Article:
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FreeMarker Tutorial. This tutorial explains how can you define FreeMarker templates and how can you generate output based on these templates. It also demonstrates the usage of macros.

1. Introduction to FreeMarker

FreeMarker is a Java-based template engine which can be used in stand-alone or servlet-based Java programs.

In FreeMarker you define templates, which are text files that contain the desired output, except that they contain placeholders like ${name}, and even some logic like conditionals, loops, etc. In your Java program you supply the actual values for these placeholders and the final output is generated based on this input.

The input of templates is a bunch of named variables that you usually provide as a Map<String, Object> (the Map entries will be the variables) or as a JavaBean (the JavaBean properties will be the variables). The variable values can be simple strings, numbers and such primitive values, but also lists, maps, or arbitrary Java objects whose methods you can call from the template. Note that when accessing JavaBean properties, myObject.myProperty syntax should be used instead of myObject.getMyProperty().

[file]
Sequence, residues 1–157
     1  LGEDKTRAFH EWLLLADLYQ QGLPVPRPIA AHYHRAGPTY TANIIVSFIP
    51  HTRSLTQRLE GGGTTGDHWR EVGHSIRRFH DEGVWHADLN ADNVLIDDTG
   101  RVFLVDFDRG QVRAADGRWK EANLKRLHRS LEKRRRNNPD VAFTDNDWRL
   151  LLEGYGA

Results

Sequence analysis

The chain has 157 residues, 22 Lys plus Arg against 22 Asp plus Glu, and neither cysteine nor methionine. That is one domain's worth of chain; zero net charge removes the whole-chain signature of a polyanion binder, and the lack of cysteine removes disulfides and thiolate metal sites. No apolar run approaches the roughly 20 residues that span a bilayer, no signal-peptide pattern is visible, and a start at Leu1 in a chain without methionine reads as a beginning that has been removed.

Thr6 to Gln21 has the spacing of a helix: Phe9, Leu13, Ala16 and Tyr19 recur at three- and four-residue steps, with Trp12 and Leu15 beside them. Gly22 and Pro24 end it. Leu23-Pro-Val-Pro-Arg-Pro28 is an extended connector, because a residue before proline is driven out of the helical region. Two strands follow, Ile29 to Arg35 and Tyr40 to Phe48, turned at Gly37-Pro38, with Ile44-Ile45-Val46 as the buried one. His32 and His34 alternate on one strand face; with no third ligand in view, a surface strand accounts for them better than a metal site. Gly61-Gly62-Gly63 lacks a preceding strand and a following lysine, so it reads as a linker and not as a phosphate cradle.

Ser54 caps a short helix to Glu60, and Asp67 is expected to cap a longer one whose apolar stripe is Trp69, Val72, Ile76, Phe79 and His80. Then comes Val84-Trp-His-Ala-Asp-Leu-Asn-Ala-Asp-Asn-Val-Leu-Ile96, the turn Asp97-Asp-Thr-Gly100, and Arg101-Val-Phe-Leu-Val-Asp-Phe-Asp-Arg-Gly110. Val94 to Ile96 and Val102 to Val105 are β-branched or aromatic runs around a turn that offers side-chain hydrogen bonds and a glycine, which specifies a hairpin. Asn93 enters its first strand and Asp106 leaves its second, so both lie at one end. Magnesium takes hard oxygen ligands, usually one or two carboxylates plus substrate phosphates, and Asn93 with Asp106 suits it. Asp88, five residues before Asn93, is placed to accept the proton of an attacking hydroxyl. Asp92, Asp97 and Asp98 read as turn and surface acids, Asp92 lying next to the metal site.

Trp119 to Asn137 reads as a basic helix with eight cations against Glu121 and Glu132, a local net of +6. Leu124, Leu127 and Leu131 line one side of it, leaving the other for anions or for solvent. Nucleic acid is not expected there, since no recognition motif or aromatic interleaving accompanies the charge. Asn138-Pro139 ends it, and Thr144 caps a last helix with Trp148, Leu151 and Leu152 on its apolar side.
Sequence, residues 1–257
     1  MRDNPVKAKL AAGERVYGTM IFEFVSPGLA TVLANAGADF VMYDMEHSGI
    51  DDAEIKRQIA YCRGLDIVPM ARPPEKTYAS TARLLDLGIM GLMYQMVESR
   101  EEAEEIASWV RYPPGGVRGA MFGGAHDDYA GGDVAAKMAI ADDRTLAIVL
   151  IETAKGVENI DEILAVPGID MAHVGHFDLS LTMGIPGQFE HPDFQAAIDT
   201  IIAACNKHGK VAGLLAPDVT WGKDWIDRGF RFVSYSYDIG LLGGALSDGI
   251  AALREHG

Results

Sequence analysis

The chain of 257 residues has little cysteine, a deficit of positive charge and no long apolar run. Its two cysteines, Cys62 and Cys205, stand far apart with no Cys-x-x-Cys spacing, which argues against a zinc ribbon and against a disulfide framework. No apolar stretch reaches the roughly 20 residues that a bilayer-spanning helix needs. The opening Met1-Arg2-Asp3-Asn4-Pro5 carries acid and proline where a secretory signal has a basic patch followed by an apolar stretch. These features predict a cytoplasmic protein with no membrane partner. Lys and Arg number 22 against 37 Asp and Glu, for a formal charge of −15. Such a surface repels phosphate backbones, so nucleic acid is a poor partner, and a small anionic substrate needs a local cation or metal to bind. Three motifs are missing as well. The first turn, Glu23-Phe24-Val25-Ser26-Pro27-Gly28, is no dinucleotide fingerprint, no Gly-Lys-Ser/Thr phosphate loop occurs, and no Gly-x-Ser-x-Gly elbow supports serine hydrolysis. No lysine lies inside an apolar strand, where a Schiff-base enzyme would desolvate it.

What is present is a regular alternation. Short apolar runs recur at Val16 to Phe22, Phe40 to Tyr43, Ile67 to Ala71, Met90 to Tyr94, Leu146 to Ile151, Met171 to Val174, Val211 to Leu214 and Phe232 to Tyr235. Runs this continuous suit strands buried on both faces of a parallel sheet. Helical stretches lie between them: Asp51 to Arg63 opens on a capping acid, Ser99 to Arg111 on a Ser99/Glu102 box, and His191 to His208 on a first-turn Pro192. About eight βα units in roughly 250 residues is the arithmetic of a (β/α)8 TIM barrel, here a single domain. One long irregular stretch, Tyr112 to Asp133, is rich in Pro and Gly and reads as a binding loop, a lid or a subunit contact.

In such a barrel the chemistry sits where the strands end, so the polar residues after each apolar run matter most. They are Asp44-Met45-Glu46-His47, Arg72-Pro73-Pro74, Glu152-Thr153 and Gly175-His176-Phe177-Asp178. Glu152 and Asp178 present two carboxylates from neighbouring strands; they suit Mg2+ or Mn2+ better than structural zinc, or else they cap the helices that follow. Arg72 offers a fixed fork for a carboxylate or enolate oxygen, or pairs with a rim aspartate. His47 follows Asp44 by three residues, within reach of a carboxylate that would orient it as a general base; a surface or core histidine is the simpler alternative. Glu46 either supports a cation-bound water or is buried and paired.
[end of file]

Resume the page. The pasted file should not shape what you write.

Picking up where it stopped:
The output of templates is written into a Writer that you provide, so it can go into a HTTP response (for dynamic web pages), into a local file, into a String, etc.

It is configurable from where FreeMarker reads the templates; commonly used options are loading from a file-system directory, from the class-path, from the servlet context ( WEB-INF/templates or such), or even from a database table. It’s also possible to "load" templates directly from String objects.